The Physics of Multifunctional Materials: Concepts, Materials, Applications

  • ID: 4496616
  • Book
  • 184 pages
  • DEStech Publications, Inc
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This book uses basic mechanical, thermodynamic, material science, and electrical concepts from well-known physics to explain the properties and performance of multifunctional materials. With familiar theory and a focus on phase transitions, the text offers a simple, elegant introduction to the design and operation of devices that incorporate piezoceramics, shape memory alloys, electrorheological and magnetorheological fluids. The physics equations and graphical data in this volume form a novel approach to characterizing and assessing smart materials.

Some of the highlights of the book include:
- Applies foundational physics and materials science concepts to piezoceramics, shape memory alloys, and switchable fluids
- Uses basic scientific measurements to address manufacturing, processing, and modeling
- Provides guidance on evaluating multifunctional materials
- Includes information on multifunctional materials’ applications for actuators and sensors

From the author’s preface:

“The scope of this book is to explain the physics and materials science underlying multifunctional materials and composites made thereof. The text identifies and elaborates the fundamental principles of ferroelectricity, elastic phase transformation, and energy transfer mechanisms that form the common basis for understanding the functionality, application potential, and limitations of a smart materials system.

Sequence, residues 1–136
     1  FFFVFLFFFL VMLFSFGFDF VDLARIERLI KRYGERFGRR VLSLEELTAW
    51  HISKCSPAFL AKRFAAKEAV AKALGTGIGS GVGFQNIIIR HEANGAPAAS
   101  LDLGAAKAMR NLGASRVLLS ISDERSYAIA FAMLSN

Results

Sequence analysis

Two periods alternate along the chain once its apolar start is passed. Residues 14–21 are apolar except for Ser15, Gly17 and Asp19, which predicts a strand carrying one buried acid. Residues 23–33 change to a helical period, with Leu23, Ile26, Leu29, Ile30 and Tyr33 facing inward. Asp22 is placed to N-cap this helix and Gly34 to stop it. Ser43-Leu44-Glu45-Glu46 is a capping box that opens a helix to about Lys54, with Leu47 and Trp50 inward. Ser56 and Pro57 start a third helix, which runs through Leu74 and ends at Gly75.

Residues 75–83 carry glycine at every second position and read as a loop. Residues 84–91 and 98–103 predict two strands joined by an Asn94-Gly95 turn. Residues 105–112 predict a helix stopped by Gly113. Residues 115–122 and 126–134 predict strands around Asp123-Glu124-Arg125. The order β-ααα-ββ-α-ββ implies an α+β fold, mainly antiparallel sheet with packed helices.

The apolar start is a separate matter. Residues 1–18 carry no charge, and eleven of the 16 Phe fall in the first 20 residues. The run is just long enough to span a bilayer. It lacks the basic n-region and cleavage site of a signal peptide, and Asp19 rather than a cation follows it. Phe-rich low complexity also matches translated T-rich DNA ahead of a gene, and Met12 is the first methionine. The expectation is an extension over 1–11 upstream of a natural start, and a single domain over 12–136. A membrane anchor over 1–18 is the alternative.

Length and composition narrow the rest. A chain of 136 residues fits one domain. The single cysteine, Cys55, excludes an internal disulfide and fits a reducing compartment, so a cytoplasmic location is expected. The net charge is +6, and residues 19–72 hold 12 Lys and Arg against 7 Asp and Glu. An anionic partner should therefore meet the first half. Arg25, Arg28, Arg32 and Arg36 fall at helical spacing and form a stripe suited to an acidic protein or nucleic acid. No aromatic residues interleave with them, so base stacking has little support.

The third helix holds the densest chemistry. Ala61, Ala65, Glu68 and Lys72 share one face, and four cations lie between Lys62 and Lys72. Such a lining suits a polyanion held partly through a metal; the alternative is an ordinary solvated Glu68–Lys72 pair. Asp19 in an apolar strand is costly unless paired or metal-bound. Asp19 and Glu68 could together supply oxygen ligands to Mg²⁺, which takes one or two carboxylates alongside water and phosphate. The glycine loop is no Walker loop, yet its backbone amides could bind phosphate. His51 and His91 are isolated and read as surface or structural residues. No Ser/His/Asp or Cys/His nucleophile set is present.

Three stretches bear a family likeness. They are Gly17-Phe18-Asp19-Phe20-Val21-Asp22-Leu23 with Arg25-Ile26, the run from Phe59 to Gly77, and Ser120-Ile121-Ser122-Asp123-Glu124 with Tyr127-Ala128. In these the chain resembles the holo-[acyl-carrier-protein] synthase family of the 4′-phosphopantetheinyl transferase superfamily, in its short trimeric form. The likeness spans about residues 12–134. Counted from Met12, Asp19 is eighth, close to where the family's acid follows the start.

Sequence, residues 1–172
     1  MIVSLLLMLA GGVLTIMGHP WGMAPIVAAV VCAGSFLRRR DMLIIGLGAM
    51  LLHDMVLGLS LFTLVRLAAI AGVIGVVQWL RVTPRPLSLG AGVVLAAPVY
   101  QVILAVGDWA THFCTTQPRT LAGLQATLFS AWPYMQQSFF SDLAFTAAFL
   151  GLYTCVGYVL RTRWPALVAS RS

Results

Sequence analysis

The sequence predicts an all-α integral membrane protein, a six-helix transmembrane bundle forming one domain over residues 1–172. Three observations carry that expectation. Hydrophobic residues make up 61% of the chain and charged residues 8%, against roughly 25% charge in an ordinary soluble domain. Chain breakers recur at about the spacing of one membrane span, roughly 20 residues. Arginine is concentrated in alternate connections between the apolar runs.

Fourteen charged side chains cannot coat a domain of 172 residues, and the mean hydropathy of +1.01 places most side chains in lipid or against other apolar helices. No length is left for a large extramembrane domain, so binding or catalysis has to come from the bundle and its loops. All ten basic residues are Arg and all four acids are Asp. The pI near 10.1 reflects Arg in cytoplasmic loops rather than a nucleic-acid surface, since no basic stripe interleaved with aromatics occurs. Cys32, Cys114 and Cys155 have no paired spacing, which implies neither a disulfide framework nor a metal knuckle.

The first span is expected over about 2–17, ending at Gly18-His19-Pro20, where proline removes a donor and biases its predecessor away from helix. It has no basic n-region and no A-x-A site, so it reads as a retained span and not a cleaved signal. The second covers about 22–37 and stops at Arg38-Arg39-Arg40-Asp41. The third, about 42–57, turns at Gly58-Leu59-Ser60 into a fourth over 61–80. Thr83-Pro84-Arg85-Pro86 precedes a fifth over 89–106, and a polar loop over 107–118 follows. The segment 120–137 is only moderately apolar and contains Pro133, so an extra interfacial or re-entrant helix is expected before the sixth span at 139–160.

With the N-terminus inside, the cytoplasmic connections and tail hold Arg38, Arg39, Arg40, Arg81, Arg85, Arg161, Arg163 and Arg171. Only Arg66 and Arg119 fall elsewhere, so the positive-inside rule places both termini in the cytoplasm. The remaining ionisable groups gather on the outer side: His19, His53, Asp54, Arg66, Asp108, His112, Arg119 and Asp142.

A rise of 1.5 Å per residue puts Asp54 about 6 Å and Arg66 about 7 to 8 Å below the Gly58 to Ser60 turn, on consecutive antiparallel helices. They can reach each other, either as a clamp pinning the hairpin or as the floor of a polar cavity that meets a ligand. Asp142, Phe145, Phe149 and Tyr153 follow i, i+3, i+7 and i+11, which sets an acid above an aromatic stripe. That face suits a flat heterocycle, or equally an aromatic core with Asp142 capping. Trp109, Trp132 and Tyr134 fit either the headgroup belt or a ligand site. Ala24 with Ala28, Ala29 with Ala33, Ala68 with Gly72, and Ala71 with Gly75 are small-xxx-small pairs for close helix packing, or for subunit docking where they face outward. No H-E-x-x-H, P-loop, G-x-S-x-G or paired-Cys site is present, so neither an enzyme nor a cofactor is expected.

“While these principles are independent of specific kinds of materials or particular applications, they are explained in the context of a representative material and application. That is, the principles apply to whole groups of materials and can be used to differentiate between them. The present book endeavors to cover the basic physics pertaining to multifunctional materials: from mechanics, electrodynamics, thermodynamics, and condensed matter physics, either as a short summary or as applied to selected examples from the large group of multifunctional materials. Familiar physics principles are thus used as a guide to the nature and design of these materials.

“The book concentrates on three different types of multifunctional materials: piezoceramics, shape-memory alloys, and switchable fluids (electrorheological and magnetorheological fluids). These materials are the best-known commercially available multifunctional materials with the most applications. More interesting in the context of this book is the fact that although the aforementioned examples are all made from very different materials, namely, ceramics, metals, and fluids, respectively, their multifunctionality is based on the same underlying principle - a structural phase transition induced by an external field, either an electrical, magnetic, or thermal field. This is one reason why multifunctional polymeric materials are not discussed. In most cases, polymer multifunctionality relies on mechanisms besides phase transition.”

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Chapter 1. Introduction

Chapter 2. Multifunctional Materials or Smart Materials versus Normal Materials
2.1. General Definition of Multifunctional Materials from a Physical Aspect
2.1.1. Passive Multifunctional Materials
2.1.2. Active Multifunctional Materials
2.1.3. Smart and Very Smart Materials
2.2. Multifunctional Materials in Complex Systems or Applications
2.3. Economic Aspects of Multifunctional Materials

Chapter 3. Basic Physics and Materials Science
3.1. Basic Mechanics
3.1.1. Force
3.1.2. Work
3.1.3. Energy
3.1.4. Power
3.2. Elasticity, Stiffness and Strength